In its opinion filed on October 19, 2016, the Court of Appeals of Tennessee at Jackson (“Appellate Court”) ruled that the trial court had improperly dismissed the plaintiffs’ Tennessee medical malpractice case when it erroneously determined that the parties to the plaintiffs’ second Tennessee medical malpractice action were not identical to the parties to their first Tennessee medical malpractice action that the plaintiffs had voluntarily dismissed. The Appellate Court also held that the trial court erroneously determined that the second Tennessee medical malpractice action was barred for failure to file within the applicable statute of limitations.
The plaintiffs had filed their original Tennessee medical malpractice complaint pro se in which they identified the defendant as “Edward Todd Robbins, MD, PC,” although they further stated that the defendant “is a doctor licensed by the State of Tennessee to practice medicine … ” In the defendant’s answer to the plaintiffs’ Tennessee medical malpractice lawsuit, the defendant identified “Dr. E. Todd Robbins, P.C. as the proper party for the above named Edward Todd Robbins, M.D., PC.”
The plaintiffs later hired a Tennessee medical malpractice lawyer who filed several amended complaints, each of which identified the defendant in the caption as “Edward Todd Robbins, MD, PC.” The plaintiffs subsequently filed a motion to clarify their intent to seek recovery from the defendant as an individual.
The trial court found that the defendant gave notice to the plaintiffs in his first responsive pleading that the complaint had been lodged against him in his corporate capacity. The plaintiffs voluntarily dismissed their Tennessee medical malpractice action before the trial court entered an order dismissing the action (an order of voluntary dismissal was entered on October 22, 2013).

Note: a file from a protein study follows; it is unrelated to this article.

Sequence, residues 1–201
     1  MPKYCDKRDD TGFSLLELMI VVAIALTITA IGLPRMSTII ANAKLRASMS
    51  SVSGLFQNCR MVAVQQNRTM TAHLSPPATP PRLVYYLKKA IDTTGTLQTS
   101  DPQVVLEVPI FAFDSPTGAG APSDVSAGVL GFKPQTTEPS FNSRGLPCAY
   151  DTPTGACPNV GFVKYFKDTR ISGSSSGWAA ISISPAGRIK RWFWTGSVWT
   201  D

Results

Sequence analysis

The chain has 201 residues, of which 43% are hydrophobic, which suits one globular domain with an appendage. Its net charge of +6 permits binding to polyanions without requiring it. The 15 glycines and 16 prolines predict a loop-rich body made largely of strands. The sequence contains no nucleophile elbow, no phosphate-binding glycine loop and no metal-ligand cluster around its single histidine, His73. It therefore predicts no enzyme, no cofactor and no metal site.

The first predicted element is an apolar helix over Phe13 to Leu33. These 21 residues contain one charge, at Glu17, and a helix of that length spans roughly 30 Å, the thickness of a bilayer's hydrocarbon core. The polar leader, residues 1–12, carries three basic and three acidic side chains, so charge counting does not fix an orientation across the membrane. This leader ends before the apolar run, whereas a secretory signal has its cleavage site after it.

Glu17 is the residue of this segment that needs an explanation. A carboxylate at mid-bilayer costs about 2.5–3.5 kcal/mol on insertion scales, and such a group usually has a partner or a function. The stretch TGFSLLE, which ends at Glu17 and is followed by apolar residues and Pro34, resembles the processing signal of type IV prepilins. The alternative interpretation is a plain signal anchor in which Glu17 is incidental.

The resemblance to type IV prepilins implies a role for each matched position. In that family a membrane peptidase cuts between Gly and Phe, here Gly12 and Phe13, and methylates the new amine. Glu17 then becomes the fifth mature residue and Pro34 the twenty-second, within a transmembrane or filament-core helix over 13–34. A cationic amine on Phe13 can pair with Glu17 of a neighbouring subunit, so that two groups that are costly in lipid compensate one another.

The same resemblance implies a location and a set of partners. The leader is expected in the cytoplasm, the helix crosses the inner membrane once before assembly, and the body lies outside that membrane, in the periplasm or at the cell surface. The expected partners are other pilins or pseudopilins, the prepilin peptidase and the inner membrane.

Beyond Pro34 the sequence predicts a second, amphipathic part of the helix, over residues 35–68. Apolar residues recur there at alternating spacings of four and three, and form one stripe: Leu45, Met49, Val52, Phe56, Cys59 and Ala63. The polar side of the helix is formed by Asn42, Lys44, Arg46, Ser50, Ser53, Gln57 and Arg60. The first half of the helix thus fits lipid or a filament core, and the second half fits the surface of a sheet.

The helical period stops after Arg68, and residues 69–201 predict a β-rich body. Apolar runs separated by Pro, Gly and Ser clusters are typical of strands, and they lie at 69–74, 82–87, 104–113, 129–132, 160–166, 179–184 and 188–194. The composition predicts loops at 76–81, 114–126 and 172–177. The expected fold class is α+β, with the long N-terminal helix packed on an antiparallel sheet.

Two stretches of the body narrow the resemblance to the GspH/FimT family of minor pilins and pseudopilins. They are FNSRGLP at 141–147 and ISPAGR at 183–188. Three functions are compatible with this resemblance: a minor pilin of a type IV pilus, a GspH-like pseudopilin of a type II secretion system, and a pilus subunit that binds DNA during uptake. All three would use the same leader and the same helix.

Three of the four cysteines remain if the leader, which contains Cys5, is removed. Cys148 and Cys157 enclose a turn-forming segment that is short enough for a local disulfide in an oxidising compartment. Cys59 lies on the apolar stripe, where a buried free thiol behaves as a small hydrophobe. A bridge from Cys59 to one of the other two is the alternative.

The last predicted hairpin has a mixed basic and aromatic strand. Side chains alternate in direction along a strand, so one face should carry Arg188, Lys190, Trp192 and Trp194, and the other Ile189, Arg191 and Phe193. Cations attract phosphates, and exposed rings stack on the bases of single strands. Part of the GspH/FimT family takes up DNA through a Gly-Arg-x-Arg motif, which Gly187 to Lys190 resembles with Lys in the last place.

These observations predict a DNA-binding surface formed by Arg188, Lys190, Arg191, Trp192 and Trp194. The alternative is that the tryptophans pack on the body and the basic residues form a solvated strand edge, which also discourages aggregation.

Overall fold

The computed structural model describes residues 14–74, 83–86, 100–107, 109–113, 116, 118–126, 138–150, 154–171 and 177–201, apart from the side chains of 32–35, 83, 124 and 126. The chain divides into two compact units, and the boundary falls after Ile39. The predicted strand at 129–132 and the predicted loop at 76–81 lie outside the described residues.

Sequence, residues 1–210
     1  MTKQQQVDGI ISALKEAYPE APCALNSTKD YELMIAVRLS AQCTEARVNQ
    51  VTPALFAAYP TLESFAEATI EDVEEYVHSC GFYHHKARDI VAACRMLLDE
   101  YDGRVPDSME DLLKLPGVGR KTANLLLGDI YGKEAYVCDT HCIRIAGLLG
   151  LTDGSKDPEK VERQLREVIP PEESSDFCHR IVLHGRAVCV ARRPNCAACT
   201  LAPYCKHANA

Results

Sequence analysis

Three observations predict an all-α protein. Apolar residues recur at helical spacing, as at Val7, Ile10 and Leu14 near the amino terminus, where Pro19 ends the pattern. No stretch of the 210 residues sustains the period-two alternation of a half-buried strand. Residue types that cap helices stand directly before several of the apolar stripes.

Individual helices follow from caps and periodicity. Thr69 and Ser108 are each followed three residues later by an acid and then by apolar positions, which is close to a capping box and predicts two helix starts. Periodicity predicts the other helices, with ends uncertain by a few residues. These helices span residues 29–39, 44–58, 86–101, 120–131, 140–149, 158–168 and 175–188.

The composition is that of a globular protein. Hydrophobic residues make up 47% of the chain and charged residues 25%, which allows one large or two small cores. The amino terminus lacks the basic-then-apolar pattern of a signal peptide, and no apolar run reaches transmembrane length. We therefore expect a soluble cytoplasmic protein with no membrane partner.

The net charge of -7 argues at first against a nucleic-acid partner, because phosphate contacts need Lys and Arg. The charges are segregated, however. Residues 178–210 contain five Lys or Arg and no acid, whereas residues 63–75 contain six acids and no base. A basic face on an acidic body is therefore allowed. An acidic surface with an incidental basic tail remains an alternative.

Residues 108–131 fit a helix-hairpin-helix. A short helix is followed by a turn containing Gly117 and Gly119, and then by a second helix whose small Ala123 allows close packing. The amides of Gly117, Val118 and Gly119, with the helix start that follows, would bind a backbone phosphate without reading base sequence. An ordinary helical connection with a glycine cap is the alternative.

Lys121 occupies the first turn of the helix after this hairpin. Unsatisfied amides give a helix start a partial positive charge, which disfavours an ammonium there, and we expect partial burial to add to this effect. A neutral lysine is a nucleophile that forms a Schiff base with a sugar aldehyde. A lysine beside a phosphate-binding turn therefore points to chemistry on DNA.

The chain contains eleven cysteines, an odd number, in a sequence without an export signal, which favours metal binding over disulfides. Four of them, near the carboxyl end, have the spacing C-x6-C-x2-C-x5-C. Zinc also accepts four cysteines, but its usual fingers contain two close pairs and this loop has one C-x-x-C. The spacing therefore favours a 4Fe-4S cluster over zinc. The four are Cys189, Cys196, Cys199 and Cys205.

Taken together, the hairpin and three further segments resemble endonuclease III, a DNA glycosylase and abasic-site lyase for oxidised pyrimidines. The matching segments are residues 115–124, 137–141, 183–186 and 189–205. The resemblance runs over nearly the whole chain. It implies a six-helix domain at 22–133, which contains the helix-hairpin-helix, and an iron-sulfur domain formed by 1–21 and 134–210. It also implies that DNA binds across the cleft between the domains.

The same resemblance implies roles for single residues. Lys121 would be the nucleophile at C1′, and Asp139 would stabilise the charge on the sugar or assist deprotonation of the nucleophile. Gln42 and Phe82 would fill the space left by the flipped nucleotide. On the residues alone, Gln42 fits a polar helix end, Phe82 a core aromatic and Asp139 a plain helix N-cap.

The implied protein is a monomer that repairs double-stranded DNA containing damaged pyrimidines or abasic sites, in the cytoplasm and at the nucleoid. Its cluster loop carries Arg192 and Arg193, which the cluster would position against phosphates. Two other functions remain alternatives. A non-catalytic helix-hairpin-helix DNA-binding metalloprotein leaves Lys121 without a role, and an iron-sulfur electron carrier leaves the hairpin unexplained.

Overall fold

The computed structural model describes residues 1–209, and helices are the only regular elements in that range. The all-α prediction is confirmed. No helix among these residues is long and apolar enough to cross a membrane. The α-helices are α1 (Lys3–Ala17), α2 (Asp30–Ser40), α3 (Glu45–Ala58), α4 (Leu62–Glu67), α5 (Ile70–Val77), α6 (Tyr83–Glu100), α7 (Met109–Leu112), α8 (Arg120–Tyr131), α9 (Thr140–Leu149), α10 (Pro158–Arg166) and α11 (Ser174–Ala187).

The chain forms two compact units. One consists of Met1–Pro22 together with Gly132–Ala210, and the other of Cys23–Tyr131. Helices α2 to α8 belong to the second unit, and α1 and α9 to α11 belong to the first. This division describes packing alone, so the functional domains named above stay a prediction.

On October 21, 2014, the plaintiffs filed a pre-suit notice of a potential suit against the defendant pursuant to the Tennessee health care liability statutes. The plaintiffs subsequently filed a Tennessee medical malpractice complaint on February 18, 2015, with an attached certificate of good faith, that identified the defendant as “Edward Todd Robbins, M.D.” The defendant sought dismissal, arguing, in part, that the complaint was barred by the applicable statute of limitations, and that the saving statute did not apply because the initial complaint was lodged against him in his corporate capacity.
The plaintiffs responded by asserting that dismissal was not warranted when there was an identity of parties between the two actions and that the identity of the proper party must be determined from the allegations of the complaint: they never alleged the existence of a corporate entity in the initial complaint, the body of the initial complaint clearly identified the defendant in his individual capacity, and the summons was served upon the defendant in his individual capacity. Furthermore, there is no corporate entity known as “Edward Todd Robbins, MD, PC.”
The trial court dismissed the plaintiffs’ Tennessee medical malpractice action, finding that the parties to the second action were not identical to the parties to the first action. The trial court further held that the second action was barred for failure to file within the applicable statute of limitations. The plaintiffs appealed.
The Appellate Court reversed the trial court’s dismissal, stating that when the allegations within the initial complaint clearly identify the defendant in his individual capacity as the proper party, the defendant was also personally served with a summons in the first action and filed an answer, and other than attempting to identify himself as a corporation by another name, the defendant never raised any issue concerning his identity by motion or specific negative averment, the saving statute applies to the second action, which was timely filed.
Source Robinson v. Robbins, M.D., No. W2016-00381-COA-R3-CV.
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